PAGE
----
Restaurant Association of New Zealand

World best city Wellington has more cafes, bars etc per capita than New York - so what's it like?

Wellington has just been named the fourth best city in the world; and might just be the best little capital in the world, according to travel guide Lonely Planet.

They said Wellington had 558,000 visitors a year, coffee averaged $3-$4 a cup, a 430ml handle of beer cost $7-$9; and it had quaint wooden houses tumbling down a ring of hills to the city centre, clustered on reclaimed land around the glittering harbour,

"Wellington is the country’s most innovative and inspiring city; it might just be the best little capital in the world and it is crammed with more bars, cafes and restaurants per capita than New York," Lonely Planet’s 2011 Best in Travel book says.

Wellington is also fast becoming one of the world’s cafe capitals. So what’s it like running a cafe in one of the best cities in the world, in one of the best spots in Wellington?

Lydia Suggate, one of the owners of Beach Babylon on Oriental Parade, said Wellington's weather had attitude, so did its people which was reflected in cafe and restaurant scene.

"We serve New Zealand's best coffee: smooth and rich Havana with pineapple lumps, the old Kiwi icon. But most of all, we probably have one of the best outdoor areas in Wellington. Where else can you can sit and gaze at the scantily-clad beach-goers and be seen on Wellington's most beautiful street.

"Wellington being named one of the best four cities in the world is a huge accolade for our city – and will help us too. Oriental Parade is without a doubt Wellington's most beautiful street and we have a beach too! Beach Babylonians have been known to take a dip after work.

"We have New Zealand's coolest fake beach (sand from Golden Bay) at Oriental Bay right by the centre of town. Wellington is the cultural and food capital of New Zealand. We have the wearable arts.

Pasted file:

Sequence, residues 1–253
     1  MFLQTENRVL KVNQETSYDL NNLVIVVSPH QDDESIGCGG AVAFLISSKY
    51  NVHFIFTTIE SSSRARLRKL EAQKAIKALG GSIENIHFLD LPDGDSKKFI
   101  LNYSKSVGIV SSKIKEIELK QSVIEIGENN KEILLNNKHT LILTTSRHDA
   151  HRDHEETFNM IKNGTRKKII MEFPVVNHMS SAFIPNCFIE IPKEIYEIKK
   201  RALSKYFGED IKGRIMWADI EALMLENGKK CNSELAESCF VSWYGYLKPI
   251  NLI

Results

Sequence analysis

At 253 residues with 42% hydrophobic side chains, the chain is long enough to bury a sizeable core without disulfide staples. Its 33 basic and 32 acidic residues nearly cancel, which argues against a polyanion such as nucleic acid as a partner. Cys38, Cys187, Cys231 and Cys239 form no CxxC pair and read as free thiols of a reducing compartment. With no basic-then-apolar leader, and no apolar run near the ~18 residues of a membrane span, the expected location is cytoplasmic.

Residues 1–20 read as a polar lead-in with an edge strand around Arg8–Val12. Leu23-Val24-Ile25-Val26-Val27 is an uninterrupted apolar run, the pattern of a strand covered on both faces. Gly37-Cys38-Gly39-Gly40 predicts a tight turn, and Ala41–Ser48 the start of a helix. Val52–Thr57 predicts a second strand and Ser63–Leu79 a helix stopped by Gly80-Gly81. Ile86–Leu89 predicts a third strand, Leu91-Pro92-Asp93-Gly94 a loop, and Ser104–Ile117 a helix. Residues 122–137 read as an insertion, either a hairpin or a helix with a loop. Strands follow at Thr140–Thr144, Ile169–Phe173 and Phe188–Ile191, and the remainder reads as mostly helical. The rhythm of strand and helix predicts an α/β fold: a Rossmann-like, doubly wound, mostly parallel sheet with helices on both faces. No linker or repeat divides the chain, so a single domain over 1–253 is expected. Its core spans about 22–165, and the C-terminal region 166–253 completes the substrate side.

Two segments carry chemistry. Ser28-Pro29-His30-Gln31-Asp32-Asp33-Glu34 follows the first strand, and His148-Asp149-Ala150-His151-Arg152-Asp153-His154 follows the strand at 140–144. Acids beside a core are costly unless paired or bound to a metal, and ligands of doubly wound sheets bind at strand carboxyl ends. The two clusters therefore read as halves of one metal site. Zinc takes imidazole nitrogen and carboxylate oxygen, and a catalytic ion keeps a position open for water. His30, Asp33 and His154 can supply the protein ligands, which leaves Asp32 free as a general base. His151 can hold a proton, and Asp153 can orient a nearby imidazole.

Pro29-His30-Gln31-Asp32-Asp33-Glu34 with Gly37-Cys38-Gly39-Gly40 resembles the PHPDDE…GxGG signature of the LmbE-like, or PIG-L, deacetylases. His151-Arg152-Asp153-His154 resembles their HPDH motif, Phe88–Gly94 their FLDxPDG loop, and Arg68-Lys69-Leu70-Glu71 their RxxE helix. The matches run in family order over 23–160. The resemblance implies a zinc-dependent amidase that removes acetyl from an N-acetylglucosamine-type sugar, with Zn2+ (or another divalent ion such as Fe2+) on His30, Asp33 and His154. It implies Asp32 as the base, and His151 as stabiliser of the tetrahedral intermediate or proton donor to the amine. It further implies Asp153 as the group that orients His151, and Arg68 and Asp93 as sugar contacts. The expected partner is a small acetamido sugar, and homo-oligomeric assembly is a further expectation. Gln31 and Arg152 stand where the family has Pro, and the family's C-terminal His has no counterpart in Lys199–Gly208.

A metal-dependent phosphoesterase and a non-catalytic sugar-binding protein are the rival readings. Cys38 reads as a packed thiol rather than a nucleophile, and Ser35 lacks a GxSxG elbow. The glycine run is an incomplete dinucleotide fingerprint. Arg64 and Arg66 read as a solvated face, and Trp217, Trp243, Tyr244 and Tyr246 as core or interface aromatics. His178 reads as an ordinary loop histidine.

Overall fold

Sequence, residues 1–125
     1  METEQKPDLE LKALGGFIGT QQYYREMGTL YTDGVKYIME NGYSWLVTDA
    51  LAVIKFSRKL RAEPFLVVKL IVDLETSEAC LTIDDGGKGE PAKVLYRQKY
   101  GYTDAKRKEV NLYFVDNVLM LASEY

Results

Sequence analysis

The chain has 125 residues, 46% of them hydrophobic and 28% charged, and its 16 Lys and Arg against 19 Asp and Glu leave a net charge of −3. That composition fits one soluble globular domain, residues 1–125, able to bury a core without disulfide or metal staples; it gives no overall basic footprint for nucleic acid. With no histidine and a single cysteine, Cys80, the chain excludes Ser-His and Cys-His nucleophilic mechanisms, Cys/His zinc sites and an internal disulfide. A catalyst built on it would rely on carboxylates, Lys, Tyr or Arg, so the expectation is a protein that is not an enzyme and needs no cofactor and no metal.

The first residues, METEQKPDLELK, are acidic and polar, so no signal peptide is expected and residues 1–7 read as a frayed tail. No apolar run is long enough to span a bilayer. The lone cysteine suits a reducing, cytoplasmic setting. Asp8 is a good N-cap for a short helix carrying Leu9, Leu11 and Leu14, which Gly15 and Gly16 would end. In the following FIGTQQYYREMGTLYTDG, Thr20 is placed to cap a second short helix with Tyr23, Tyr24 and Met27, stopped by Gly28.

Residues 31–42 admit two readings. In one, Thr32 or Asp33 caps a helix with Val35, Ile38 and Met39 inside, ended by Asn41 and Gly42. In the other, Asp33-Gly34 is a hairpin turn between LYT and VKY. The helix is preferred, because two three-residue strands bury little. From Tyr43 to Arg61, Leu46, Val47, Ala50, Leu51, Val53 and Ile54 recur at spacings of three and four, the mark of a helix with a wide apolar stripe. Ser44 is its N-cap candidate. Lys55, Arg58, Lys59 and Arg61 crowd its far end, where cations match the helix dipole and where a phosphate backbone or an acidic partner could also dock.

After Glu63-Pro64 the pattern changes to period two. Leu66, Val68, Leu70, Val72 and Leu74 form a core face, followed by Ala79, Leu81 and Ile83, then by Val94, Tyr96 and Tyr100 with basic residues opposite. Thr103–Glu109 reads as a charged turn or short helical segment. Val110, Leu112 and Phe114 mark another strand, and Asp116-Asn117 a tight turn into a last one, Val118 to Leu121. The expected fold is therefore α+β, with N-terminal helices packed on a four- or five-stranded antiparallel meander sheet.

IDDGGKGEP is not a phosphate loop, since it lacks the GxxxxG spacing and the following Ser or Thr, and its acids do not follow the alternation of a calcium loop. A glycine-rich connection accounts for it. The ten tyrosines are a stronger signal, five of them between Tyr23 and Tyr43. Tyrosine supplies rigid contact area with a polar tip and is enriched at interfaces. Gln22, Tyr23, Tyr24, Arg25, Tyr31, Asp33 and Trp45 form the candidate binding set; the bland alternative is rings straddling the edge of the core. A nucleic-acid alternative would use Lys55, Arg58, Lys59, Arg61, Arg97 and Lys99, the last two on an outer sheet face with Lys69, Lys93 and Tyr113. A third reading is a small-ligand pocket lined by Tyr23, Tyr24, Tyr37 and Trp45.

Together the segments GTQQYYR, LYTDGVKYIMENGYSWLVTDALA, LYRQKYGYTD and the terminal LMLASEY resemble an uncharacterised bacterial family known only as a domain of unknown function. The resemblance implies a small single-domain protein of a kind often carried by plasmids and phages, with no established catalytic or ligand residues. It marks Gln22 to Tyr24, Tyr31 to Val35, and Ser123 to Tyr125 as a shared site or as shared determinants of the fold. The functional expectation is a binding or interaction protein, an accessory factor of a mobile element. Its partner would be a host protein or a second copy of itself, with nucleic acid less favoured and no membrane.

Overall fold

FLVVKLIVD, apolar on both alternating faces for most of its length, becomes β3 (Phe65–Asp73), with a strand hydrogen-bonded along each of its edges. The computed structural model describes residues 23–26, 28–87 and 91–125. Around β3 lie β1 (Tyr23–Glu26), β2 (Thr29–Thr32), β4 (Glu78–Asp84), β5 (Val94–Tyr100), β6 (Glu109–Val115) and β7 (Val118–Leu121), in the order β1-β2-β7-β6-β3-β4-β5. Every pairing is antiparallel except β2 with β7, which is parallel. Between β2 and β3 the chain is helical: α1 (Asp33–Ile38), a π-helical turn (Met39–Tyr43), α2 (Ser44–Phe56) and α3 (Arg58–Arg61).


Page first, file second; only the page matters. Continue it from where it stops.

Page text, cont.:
``We are just one of so many cafes and restaurants -- and we have the Hurricanes. We even have award-winning fine dining restaurants in our red light district. Wellington is a great little city, the concentration of people in the city centre keeps it vibrant and interesting with a huge sense of civic pride.’’

Three young women - Suggate, Kelly Chappell and Maura Rigby – own Beach Babylon, which is the type of cafe that has made Wellington more famous. The female trio met working as waitresses in the Malthouse in 2000 and after years out of the hospo industry, joined forces to create Beach Babylon. They had a vision, little to no cafe management experience and jumped into the deep end buying Manhattan Lounge, taking on sizeable loans and turning it into Beach Babylon.

Before Babylon, the site had many different incarnations. The list in the right order seems to be: Manhattan Lounge 2007-2008, Cafe Europa 2006-2007, Cafe Menton 2006-2004, Kites in the 1980s, Castaways 1980s and the Beachcomber in the 1960s-1970s.

The 232 Oriental Parade site on Oriental Bay has housed many cafes and restaurants, with people bowing out relatively quickly as the site has been difficult to make a profit on due to high outgoings along an expensive strip of real estate.

The last most successful sustainable cafe before Beach Babylon was probably the Beachcomber. The current beachy retro decor reminds older customers of the days when the old Beachcomber had semi-circular booths in brown leather and served great sugar-coated donuts.

" Beach Babylon has been a challenge. W we took over the site after many believed it was cursed and would never work,’’ Suggate said. "We manage 27 staff including temperamental chefs and starting a business with little experience was a huge learning curve. Our staffing numbers will go up this summer. We are the only place in Welly to serve a range of retro cheese and dessert fondues in 1970s ware.

"We believe one of the keys to our success is that we have taken the beach location into account, the last places were too formal for the area. During the day we serve The Fat Bastard - an epic big brekkie with steak & chips included and at night we can offer white chocolate fondue with dark chocolate brownie & marshmallows.’’

Suggate said they just loved working in the cafe in Wellington with a "death defying airport landing strip, a rugby team that understands it’s not all about winning and a fault line that doesn’t move (currently)’’.

She agreed with mayor Celia Wade-Brown who said Lonely Planet had only recognised what Wellingtonians had known for years, that Wellington was `simply the best place in New Zealand to live and visit’.

Media advisory: For further information, comment, photo or interview contact Lydia Suggate at Beach Babylon on (04) 801 7717 or 027 324 0769 or Kip Brook at Word of Mouth Media NZ